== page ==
Spring Cleaning for Food Lovers: It's Time for Food Swaps

Trading old jam, rare seeds, and meat from the freezer is an unexpected pleasure—but be sure to obey the unwritten rules

Early spring means different things in different places. In some regions it's called mud season. Elsewhere it's the fifth month of winter grief. In warmer climes, winter can be so mild and summer so hot that spring is little more than a fleeting end of tolerable weather. But everywhere with a winter significant enough to interrupt the growing season, early spring has a special meaning among local foodies. For cooks, gardeners, hunters, and mead-makers alike—for pretty much anyone—it's time for swapping.

Food swapping can add diversity to a stash that grows evermore homogenous as it dwindles. Last fall for example I made a surplus of applesauce, but ran out of carrots halfway through winter. If I could trade with someone who has carrots and no applesauce, we'd both diversify. This can make a big difference in the final weeks before the new growing season brings early crops like asparagus, radishes, spinach, and garlic flowers.

A cloud of suspicion had fallen upon that jar, and rightly so. The first rule of Swap Meat is that you trade only your own goods.

The clock is especially ticking for root crops like onions, garlic, carrots, potatoes, beets, and squash. (Squash, while technically not a root crop, didn't get the memo, and stores fine alongside the true root crops.) If your root crops haven't gone bad already, they will soon. It would be wise to trade your surplus while it still has value.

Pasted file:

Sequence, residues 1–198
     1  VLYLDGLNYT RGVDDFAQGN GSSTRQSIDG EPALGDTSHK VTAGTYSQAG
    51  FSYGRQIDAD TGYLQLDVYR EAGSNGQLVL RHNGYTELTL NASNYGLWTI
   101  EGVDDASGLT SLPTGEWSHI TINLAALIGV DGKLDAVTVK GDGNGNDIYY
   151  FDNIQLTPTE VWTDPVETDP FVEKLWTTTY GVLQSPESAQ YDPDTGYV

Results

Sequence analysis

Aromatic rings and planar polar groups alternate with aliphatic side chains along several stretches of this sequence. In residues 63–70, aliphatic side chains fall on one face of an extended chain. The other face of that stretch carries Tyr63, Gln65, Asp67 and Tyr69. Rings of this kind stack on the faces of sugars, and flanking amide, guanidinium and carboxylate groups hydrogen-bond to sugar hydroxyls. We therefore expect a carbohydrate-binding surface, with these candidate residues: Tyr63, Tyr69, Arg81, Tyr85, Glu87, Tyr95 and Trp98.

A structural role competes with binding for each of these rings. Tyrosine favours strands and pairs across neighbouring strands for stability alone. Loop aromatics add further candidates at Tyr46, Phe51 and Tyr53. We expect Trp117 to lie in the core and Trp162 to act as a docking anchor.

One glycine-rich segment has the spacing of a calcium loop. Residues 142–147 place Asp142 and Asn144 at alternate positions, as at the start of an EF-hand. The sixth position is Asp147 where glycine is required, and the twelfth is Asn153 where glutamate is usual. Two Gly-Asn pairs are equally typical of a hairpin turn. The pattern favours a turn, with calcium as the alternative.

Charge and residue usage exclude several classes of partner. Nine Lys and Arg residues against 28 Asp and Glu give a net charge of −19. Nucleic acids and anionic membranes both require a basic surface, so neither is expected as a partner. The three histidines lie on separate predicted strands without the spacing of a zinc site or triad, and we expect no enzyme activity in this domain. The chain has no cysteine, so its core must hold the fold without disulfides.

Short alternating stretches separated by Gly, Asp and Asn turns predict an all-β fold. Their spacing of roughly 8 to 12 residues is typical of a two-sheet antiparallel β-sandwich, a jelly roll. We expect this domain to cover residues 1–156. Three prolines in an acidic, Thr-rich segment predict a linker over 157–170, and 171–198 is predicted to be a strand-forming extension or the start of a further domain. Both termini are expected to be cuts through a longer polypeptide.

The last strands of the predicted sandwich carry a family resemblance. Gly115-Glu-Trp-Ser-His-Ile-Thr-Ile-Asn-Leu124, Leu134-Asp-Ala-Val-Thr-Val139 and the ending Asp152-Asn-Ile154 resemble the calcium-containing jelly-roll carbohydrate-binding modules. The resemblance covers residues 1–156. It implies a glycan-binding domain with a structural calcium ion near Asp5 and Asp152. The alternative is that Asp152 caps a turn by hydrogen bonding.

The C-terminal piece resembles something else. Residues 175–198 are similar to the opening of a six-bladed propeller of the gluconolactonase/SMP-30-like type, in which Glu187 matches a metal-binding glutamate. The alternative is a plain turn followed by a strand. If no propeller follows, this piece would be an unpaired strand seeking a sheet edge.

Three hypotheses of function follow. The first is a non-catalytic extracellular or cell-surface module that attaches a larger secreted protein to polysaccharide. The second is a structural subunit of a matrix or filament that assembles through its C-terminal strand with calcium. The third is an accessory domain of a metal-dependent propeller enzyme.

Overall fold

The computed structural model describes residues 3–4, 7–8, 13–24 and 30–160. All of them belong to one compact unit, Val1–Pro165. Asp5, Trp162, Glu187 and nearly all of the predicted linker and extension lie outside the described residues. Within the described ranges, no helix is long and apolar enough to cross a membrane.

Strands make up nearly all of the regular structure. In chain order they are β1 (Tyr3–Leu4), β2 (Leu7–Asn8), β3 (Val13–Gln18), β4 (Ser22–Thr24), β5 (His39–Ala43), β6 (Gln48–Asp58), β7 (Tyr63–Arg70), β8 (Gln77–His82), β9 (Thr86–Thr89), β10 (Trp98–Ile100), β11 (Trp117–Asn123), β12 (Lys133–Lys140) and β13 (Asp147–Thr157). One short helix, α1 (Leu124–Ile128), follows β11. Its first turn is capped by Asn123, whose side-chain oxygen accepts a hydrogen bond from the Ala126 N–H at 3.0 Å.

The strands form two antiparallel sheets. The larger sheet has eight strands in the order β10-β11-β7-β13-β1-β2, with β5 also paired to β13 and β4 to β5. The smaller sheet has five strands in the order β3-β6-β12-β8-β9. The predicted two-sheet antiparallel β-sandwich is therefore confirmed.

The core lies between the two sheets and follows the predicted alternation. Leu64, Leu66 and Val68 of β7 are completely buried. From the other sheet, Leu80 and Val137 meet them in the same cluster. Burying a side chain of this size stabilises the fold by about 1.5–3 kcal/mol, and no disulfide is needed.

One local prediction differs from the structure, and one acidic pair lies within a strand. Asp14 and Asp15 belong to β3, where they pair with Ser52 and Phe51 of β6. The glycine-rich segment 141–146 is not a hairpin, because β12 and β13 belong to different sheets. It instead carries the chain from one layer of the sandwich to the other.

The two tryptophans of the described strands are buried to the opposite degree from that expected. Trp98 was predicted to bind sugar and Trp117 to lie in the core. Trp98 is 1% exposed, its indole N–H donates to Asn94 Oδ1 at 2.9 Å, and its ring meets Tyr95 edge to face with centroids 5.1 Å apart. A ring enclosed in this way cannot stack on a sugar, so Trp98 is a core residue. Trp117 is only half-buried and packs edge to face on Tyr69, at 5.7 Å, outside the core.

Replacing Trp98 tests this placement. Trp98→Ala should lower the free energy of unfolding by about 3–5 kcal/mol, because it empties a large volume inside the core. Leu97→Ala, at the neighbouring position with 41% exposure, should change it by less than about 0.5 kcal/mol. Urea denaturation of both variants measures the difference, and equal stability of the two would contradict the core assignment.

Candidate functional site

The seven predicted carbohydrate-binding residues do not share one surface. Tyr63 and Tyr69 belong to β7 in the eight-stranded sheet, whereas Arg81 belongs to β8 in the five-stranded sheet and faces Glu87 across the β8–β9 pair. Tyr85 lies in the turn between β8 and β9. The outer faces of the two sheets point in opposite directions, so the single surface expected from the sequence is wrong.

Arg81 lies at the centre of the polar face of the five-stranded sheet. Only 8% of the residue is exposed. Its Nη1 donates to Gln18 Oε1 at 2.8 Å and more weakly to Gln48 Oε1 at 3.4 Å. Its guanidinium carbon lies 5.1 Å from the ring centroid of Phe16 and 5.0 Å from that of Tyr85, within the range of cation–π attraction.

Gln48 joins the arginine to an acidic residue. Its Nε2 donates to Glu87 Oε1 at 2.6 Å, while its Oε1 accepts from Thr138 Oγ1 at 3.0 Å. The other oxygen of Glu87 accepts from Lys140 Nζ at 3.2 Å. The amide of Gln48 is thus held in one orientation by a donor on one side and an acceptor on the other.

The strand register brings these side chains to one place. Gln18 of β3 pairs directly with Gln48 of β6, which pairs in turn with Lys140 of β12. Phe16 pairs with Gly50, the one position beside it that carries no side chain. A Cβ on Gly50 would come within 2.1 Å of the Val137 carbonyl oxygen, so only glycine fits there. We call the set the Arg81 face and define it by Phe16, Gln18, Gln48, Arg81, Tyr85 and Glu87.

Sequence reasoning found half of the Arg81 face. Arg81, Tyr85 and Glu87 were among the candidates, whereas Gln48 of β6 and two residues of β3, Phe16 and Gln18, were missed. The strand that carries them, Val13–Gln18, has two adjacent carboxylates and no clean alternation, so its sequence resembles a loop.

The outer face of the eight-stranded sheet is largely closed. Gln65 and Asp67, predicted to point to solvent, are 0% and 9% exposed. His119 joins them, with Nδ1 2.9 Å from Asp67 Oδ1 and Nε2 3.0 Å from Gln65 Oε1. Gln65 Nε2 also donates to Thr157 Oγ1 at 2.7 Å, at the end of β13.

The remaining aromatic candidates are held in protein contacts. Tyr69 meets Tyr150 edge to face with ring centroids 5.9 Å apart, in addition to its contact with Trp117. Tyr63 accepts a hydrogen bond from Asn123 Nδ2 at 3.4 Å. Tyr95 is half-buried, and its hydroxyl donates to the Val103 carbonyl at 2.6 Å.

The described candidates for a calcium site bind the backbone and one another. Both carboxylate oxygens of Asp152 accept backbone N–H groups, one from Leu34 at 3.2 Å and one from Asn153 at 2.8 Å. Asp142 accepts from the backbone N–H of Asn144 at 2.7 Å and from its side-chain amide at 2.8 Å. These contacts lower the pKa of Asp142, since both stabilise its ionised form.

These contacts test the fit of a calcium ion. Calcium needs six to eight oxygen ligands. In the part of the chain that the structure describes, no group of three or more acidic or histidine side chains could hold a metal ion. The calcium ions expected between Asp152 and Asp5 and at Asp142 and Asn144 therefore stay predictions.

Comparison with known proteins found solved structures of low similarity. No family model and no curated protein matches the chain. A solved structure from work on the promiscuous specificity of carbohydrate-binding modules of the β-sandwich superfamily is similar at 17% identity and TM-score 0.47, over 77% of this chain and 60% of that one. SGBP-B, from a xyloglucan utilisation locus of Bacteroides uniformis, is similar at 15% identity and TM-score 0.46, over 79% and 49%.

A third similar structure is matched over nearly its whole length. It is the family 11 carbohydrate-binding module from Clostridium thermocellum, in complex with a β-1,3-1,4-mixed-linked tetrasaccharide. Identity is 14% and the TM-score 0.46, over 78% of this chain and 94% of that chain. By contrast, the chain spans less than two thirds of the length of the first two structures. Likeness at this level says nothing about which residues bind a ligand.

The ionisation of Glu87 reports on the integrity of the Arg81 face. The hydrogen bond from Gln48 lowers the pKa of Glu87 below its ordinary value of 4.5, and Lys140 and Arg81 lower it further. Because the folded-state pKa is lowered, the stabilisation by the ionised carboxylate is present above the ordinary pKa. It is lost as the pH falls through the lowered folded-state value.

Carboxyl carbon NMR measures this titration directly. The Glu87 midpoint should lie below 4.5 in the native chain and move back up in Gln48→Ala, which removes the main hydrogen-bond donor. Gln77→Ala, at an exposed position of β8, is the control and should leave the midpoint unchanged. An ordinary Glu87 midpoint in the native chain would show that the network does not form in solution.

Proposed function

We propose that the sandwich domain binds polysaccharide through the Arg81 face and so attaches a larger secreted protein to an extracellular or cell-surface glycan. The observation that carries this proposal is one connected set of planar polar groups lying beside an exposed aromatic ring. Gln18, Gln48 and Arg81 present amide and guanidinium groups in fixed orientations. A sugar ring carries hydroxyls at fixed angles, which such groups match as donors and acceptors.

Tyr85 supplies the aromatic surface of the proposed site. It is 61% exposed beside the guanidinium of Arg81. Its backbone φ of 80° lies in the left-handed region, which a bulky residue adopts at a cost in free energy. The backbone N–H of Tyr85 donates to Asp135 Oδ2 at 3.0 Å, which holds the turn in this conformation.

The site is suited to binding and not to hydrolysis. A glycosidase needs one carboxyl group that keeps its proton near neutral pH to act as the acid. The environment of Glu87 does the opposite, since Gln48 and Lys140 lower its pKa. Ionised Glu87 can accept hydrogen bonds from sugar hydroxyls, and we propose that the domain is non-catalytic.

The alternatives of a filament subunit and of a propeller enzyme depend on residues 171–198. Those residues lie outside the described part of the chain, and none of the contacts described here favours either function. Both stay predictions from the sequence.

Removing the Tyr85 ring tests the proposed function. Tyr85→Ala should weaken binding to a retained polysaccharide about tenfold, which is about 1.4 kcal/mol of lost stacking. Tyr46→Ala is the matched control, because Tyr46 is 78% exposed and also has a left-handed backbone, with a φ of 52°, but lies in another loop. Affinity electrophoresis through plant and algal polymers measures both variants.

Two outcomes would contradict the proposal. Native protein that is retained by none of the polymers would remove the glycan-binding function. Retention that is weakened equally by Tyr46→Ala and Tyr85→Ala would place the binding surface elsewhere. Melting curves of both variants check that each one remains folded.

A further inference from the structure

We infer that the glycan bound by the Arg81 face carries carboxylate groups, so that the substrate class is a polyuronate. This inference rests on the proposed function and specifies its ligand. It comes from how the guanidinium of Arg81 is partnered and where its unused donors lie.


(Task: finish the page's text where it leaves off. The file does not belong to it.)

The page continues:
You don't have to be root-cellar hardcore to benefit from food swaps. If you show up at a food swapping party with homemade pies, you might score some homemade beer. Depending on the crowd you run with, food swapping parties can resemble a cocktail party, a potluck, a rager, a garage sale, or some unique combination of them all.

In the wild, ungulate-laden hills of Montana, where hippies hunt and vegetarians have been known to eat venison if they know who killed it, I've been fortunate to attend the annual Swap Meat, which takes place around this time of year.

Swap Meaters are not limited to trading meat. Pickles, jam, honey, frozen veggies, and aging root crops are all fair game.

Just be prepared to explain the pedigree of your goods. I remember one guy describing the meat he'd brought as "found in the freezer after my roommate moved out." He also mentioned something about it possibly being roadkill. He had brought nothing else to trade, and got zero action.

Another time, someone brought girlfriend-made pickles.

"These green tomato pickles are actually [girlfriend's]," he said, "but they..."

"Oh no! Those are bad," objected someone with intimate knowledge of [girlfriend's] pickles, from across the room.

Murmurs swept the Swap Meat circle.

"No, these aren't the bad ones," the pickle purveyor protested.

"[Girlfriend] put ginger in her pickles so they'd be good in martinis," the protester continued. "But we tried them and my God, they were eff-ed."

"This is a different batch," the pickle man softly protested.

A cloud of suspicion had fallen upon that jar, and rightly so. The first rule of Swap Meat is that you trade only your own goods. That way you know exactly what it is and where it's been.

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Ari LeVaux writes Flash in the Pan, a syndicated weekly food column that has appeared in more than 50 newspapers in 21 states. Learn more at flashinthepan.net.

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